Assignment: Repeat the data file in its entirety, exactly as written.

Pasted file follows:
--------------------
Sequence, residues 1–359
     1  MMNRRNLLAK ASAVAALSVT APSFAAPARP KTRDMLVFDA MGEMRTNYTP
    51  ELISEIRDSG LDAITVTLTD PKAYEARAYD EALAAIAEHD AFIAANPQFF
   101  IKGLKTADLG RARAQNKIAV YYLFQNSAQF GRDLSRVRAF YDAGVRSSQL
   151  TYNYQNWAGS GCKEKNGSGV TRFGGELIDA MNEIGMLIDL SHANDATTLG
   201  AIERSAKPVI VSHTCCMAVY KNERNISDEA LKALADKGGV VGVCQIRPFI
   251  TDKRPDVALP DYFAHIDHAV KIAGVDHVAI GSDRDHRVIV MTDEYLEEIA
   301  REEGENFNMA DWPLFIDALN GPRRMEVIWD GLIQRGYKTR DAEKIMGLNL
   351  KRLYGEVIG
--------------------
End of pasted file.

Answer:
Sequence, residues 1–359
     1  MMNRRNLLAK ASAVAALSVT APSFAAPARP KTRDMLVFDA MGEMRTNYTP
    51  ELISEIRDSG LDAITVTLTD PKAYEARAYD EALAAIAEHD AFIAANPQFF
   101  IKGLKTADLG RARAQNKIAV YYLFQNSAQF GRDLSRVRAF YDAGVRSSQL
   151  TYNYQNWAGS GCKEKNGSGV TRFGGELIDA MNEIGMLIDL SHANDATTLG
   201  AIERSAKPVI VSHTCCMAVY KNERNISDEA LKALADKGGV VGVCQIRPFI
   251  TDKRPDVALP DYFAHIDHAV KIAGVDHVAI GSDRDHRVIV MTDEYLEEIA
   301  REEGENFNMA DWPLFIDALN GPRRMEVIWD GLIQRGYKTR DAEKIMGLNL
   351  KRLYGEVIG